The trend of diversity and inclusion marketing in CPA firms
It is now common for marketing departments of CPA firms to incorporate diversity, equity, and inclusion tactics in their materials. It would be harder to find a firm that wasn’t promoting an interest in equal opportunity than the other way around. This article highlights three firms that have incorporated diverse representation in ethnicity, gender, and age into their marketing strategies to support and promote their firms.
Withum Culture Video
Withum has been producing culture videos for the past decade. These videos strive to reflect the firm’s demographics accurately, according to Rhonda Maraziti, Withum’s chief marketing officer, including “gender, race, age, and dress,” and even geography. The diversity effort has been evolving since it began.
EisnerAmper: Fabric of the Firm
EisnerAmper uses marketing to reach out to “women and minorities” in all sectors that they target, “including traditionally male-dominated industries like financial services and real estate,” said Mike Mattia, EisnerAmper’s Marketing Partner in Charge. They do this when planning panels for conferences, engaging in internal training and employee engagement programs, and working on external marketing campaigns. While many of their internal initiatives have now also become outward-facing marketing initiatives, some of their recent external efforts came out of a recent expansion into South Florida. EisnerAmper’s presence now engages a more heavily Hispanic-influenced population and marketplace, and the marketing team in Miami is working to use “the language of local business” to engage its growing network of Spanish-speaking clients, prospects, and referral sources.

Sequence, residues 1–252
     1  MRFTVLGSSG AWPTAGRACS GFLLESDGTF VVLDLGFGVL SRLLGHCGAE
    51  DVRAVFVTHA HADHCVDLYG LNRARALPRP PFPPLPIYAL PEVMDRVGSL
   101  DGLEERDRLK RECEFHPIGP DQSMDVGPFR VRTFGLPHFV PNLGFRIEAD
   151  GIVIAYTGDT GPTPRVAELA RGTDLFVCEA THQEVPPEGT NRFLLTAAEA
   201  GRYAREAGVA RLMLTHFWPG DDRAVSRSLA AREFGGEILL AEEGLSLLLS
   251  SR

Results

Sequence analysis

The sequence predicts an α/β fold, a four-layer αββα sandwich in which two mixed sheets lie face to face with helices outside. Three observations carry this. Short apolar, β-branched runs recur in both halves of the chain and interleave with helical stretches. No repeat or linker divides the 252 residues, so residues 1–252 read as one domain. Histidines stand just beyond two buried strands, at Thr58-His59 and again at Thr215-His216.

Marks Paneth: Branding and Rebranding
A branding or rebranding project is a great opportunity to usher in more diverse representation in marketing projects. That’s what happened at Marks Paneth. Diane Paoletta, Marks Paneth’s Chief Marketing Officer, used the campaign “Success is Personal” to highlight their “broadly diverse clientele” and how their needs are met by advisors who have perspectives and backgrounds in common with them.
The Conclusion? Marketing is the Driver.
Marketing departments not only control messaging about diversity, but also work with third-party service providers like ad agencies, creative boutiques, buyers, and conference organizers, and can make decisions to solidify the firm’s corporate image as one that commits to diversity and racial inclusion. Marketing can also influence internal actions at the firm, including hiring, sales training, recruiting, and affinity groups. Consistent messaging can be threaded throughout these efforts to paint a consistent picture that emphasizes the importance of inclusion.
Read the full article to get more information on incorporating diversity and inclusion in a mindful way in marketing your CPA firms.
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About Richard Shippee
Richard is the president of Richard Shippee Communications. He provides Marketing and Corporate Communication services to accounting firms and other professional services companies.